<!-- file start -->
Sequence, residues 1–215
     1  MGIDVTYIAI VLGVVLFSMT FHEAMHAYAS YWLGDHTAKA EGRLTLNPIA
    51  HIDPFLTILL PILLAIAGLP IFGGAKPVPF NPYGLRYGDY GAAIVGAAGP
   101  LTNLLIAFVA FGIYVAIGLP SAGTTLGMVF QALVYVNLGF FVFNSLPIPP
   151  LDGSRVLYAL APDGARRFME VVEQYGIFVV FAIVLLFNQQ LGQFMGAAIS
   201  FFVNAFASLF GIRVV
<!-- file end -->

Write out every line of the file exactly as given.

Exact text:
Sequence, residues 1–215
     1  MGIDVTYIAI VLGVVLFSMT FHEAMHAYAS YWLGDHTAKA EGRLTLNPIA
    51  HIDPFLTILL PILLAIAGLP IFGGAKPVPF NPYGLRYGDY GAAIVGAAGP
   101  LTNLLIAFVA FGIYVAIGLP SAGTTLGMVF QALVYVNLGF FVFNSLPIPP
   151  LDGSRVLYAL APDGARRFME VVEQYGIFVV FAIVLLFNQQ LGQFMGAAIS
   201  FFVNAFASLF GIRVV